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JAMA Patient Page |

Malaria FREE

Sharon Parmet, MS, Writer; Cassio Lynm, MA, Illustrator; Richard M. Glass, MD, Editor
JAMA. 2010;304(18):2084. doi:10.1001/jama.304.18.2084.
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Published online

Malaria is a potentially deadly disease caused by infection with the microscopic parasite Plasmodium. Plasmodium is transmitted to humans through bites from Anopheles mosquitoes infected with the parasite. According to the World Health Organization, malaria is present in more than 100 countries—mostly in sub-Saharan Africa and Southeast Asia. Each year there are about 250 million cases of malaria, and nearly 1 million people die of the disease. Children and pregnant women are especially at risk of malaria. The November 10, 2010, issue of JAMA includes an article about diagnosing malaria. This Patient Page is based on one previously published in the May 23/30, 2007, issue.

SYMPTOMS

Symptoms usually appear about 9 to 14 days after being bitten by an infected mosquito.

  • Sudden, violent chills

  • Intermittent fever

  • Sweating

  • Exhaustion

  • Headaches

  • Seizures

  • Delirium

DIAGNOSIS AND TREATMENT

  • Malaria is best diagnosed by using a microscope to identify the Plasmodium parasites in a blood sample.

  • Malaria is treated with drugs that interfere with the parasite's life cycle or metabolism.

  • If you think you have malaria, seek medical treatment immediately.

PREVENTION

Prevention is based on avoiding exposure to mosquitoes and aggressively treating people who are infected. Malaria control programs in many parts of the world are underfunded and ineffective. If you are traveling to an area where malaria is common, take antimalarial drugs exactly as prescribed by your physician and prevent mosquito bites by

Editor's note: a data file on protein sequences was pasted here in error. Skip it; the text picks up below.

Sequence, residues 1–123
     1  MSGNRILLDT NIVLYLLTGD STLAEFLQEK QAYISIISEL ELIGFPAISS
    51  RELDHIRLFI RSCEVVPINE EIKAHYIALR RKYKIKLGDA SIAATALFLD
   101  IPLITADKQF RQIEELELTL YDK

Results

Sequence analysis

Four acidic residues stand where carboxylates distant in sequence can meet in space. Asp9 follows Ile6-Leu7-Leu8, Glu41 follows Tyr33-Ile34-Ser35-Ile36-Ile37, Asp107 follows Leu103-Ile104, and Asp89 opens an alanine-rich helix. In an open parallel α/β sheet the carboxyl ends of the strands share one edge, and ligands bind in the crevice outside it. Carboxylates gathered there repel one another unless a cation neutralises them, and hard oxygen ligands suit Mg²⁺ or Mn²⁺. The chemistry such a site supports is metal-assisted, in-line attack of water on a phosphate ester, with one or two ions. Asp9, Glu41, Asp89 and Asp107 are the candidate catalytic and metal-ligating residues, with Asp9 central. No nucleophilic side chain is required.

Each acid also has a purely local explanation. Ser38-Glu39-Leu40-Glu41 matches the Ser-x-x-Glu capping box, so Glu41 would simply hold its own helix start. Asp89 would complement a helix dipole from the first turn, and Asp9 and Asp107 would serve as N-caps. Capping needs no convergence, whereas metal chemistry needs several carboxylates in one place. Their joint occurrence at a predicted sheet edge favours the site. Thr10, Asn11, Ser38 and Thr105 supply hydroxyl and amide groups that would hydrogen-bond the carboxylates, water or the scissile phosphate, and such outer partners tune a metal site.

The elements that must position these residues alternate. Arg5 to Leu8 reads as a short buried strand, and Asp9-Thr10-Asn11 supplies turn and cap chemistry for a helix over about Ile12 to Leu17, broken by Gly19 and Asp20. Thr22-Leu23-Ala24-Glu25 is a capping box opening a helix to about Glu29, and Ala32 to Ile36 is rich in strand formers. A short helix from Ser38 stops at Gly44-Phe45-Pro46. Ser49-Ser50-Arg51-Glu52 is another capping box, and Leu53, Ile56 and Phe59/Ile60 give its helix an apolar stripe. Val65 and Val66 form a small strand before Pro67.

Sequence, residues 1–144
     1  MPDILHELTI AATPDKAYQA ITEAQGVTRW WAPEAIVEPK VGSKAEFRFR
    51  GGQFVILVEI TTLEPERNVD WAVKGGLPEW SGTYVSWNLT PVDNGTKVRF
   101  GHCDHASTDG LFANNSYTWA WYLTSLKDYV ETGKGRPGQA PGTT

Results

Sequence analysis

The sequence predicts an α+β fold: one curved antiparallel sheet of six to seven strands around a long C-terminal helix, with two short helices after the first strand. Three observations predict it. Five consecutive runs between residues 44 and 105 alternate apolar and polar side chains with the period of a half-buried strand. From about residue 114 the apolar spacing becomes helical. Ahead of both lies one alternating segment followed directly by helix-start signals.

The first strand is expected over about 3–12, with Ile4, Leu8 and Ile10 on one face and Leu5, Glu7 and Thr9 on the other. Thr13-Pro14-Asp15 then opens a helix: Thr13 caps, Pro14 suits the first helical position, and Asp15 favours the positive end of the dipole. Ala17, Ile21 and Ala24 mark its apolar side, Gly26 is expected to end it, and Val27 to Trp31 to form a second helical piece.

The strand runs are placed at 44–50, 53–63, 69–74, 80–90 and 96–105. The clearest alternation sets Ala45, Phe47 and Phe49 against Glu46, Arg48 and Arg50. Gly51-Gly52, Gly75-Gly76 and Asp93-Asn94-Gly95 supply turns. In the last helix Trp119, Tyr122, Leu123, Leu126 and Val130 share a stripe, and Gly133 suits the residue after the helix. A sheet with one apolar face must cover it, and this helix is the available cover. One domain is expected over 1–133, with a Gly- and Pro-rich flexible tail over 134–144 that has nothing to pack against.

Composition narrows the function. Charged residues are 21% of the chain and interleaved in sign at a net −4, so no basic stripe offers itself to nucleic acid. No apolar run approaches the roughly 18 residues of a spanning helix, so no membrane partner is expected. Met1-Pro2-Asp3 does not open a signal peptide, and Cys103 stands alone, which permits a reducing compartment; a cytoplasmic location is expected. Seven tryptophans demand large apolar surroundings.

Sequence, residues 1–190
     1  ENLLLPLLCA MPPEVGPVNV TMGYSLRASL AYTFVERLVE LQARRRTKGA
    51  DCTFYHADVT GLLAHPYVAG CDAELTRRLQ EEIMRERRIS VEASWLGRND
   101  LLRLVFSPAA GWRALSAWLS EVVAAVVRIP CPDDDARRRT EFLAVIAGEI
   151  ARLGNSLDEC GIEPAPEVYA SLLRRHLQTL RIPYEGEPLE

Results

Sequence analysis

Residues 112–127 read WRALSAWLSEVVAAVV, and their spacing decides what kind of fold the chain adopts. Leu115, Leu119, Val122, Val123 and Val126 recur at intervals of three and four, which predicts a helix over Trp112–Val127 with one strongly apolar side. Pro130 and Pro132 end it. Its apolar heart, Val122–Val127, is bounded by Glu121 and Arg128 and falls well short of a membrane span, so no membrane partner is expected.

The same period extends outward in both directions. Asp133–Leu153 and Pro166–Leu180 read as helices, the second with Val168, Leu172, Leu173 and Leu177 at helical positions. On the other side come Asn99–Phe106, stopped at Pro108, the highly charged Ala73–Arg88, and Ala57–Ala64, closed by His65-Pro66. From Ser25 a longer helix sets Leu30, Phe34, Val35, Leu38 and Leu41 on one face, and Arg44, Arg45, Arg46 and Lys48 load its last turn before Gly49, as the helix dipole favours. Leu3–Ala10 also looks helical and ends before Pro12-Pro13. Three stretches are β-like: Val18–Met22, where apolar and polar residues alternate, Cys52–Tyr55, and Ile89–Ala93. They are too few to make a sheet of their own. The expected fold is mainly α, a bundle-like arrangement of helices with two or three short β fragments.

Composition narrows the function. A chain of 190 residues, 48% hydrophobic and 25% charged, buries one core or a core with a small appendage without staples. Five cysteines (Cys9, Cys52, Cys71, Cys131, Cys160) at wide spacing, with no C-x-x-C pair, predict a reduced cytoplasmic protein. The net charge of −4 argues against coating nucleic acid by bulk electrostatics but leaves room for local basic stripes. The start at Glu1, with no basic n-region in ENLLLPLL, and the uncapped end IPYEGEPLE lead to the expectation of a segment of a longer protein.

• Closing windows at night if possible

  • Sleeping with a mosquito net, preferably one containing an insecticide, with the edges tucked under the mattress

  • Covering up your body as much as possible with clothing

  • Applying an insect repellent to areas of the body not covered by clothing

FOR MORE INFORMATION

INFORM YOURSELF

To find this and other JAMA Patient Pages, go to the Patient Page link on JAMA's Web site at http://www.jama.com. Many are available in English and Spanish.

Sources: Centers for Disease Control and Prevention, World Health Organization

The JAMA Patient Page is a public service of JAMA. The information and recommendations appearing on this page are appropriate in most instances, but they are not a substitute for medical diagnosis. For specific information concerning your personal medical condition, JAMA suggests that you consult your physician. This page may be photocopied noncommercially by physicians and other health care professionals to share with patients. To purchase bulk reprints, call 312/464-0776.

TOPIC: INFECTIOUS DISEASES

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